Canes can't wait to kick-off

Matt Jones 4/09/2016
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Buzzing: Canes captain Dave Knight.

Dubai Hurricanes captain Dave Knight says there has been a real “buzz” surrounding the club during pre-season and everyone is eagerly awaiting the 2016/17 campaign’s arrival.

Canes will welcome Abu Dhabi Harlequins to The Sevens on September 23 for the West Asia Premiership kick-off and James Ham’s side warmed up for the new season with a 10 tries to three triumph against Al Ain Amblers on Friday night.

After a few lacklustre campaigns, Knight is confident of a much-improved showing thanks to a change of structure both on and off the field at the club this summer.

A link has been forged with their Super Rugby namesake in Wellington, while former England Under-18s and England Universities player Mike Wernham has been named forwards coach. Simon Seward will coach the second team and act as the club’s strength and conditioning coach.

Knight revealed the new additions have already made their mark.

“Pre-season has been going really well,” beamed Knight, who replaced Daniel Perry as skipper over the off-season. “We’ve been drilling in a lot of structure this pre-season both in attack and defense. Numbers have been picking up as more people get back from holidays. Mike Wernham has had an immediate impact on the forwards and the boys are responding well.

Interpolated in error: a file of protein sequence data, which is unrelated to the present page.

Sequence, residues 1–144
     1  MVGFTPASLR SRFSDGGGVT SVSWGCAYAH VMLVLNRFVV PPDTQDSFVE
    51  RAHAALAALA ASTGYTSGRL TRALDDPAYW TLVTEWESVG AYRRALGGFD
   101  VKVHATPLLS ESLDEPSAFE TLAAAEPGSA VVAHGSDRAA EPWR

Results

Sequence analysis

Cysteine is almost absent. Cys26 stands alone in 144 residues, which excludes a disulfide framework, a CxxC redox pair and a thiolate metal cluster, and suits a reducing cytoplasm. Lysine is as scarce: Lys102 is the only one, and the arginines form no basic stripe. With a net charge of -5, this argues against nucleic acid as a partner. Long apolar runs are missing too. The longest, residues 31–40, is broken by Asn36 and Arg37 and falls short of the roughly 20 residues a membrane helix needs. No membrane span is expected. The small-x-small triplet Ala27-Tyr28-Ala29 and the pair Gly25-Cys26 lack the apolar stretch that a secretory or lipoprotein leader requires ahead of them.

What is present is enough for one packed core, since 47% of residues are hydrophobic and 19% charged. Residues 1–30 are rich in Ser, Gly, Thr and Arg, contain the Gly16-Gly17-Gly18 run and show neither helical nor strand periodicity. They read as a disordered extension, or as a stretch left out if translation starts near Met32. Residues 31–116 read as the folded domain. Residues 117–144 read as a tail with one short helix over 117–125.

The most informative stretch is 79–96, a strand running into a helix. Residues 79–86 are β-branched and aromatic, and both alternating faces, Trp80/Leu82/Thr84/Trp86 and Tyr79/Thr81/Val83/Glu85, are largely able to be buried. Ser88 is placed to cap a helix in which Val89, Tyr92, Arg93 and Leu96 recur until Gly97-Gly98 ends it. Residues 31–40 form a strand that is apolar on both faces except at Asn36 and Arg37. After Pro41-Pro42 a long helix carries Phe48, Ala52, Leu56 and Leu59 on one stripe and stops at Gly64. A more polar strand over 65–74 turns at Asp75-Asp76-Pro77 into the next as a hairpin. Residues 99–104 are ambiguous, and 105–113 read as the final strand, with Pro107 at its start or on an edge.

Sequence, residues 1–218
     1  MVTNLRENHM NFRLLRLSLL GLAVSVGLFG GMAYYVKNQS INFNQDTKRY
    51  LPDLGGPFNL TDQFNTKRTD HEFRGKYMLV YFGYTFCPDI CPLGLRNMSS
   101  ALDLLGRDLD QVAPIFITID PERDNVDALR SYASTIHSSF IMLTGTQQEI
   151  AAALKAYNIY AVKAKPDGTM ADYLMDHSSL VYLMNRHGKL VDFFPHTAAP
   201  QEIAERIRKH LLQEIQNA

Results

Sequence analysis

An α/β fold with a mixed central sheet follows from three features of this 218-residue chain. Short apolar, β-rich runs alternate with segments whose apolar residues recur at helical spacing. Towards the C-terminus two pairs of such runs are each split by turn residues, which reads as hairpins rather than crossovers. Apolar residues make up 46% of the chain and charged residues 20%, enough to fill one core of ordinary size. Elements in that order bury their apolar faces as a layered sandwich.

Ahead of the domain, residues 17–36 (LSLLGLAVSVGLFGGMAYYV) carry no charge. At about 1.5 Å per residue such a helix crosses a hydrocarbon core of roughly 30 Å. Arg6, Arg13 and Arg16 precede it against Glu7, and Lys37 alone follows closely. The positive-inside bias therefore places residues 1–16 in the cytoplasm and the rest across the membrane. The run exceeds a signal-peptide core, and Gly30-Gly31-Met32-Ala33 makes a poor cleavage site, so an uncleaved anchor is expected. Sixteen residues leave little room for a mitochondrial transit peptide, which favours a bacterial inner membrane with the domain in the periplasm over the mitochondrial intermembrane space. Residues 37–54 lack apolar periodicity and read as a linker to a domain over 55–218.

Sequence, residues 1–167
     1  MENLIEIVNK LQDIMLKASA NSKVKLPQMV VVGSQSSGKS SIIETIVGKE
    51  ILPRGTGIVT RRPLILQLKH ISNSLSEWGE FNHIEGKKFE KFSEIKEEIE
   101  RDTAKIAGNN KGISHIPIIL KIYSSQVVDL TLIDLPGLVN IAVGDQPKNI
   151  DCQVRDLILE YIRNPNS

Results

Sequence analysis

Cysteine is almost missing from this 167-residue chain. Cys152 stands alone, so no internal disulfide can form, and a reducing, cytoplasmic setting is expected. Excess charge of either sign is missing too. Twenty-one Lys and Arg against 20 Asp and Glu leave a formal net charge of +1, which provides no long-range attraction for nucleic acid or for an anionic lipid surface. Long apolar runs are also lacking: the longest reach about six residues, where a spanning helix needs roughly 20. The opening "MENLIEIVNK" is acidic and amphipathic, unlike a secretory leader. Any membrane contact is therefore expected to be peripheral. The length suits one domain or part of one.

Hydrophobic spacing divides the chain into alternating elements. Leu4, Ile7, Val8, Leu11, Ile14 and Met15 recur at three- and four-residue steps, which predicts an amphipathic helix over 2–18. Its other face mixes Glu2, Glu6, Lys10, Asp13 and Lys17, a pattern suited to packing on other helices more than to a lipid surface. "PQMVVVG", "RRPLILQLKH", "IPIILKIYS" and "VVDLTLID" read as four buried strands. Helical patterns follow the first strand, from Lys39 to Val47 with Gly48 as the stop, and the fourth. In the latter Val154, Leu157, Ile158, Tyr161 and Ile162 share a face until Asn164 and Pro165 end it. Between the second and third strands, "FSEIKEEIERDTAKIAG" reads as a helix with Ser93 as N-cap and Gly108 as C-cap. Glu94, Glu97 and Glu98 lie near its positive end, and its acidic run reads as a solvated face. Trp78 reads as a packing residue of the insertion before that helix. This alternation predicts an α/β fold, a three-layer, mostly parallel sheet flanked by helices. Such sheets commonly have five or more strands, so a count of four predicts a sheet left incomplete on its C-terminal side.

“We’ve got a couple of weeks training now to finalise preparations before we kick off against Abu Dhabi. There’s a buzz building again and everyone is looking forward to the season.”

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Quins star happy to stay under the radar

Matt Jones 4/09/2016
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Upping his game: Luke Stevenson.

The fly-half came up against Dubai Exiles star Durandt Gerber in the opening game of the Asia Rugby Western Clubs Champions League at The Sevens on Friday night as the two rivals drew 23-23.

Gerber, the South African former Italy A cap, was a sensation in his debut campaign in the Emirates last season, leading Exiles to a UAE Premiership and West Asia Championship double. Stevenson scored all 23 Quins points on Friday, including two tries, and admits having players like Gerber on the opposing side helps him raise his game.